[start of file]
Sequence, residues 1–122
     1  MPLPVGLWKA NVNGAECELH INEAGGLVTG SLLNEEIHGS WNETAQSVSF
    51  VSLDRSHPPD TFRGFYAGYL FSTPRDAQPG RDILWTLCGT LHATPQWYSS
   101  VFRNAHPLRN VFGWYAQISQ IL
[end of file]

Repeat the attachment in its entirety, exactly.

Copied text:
Sequence, residues 1–122
     1  MPLPVGLWKA NVNGAECELH INEAGGLVTG SLLNEEIHGS WNETAQSVSF
    51  VSLDRSHPPD TFRGFYAGYL FSTPRDAQPG RDILWTLCGT LHATPQWYSS
   101  VFRNAHPLRN VFGWYAQISQ IL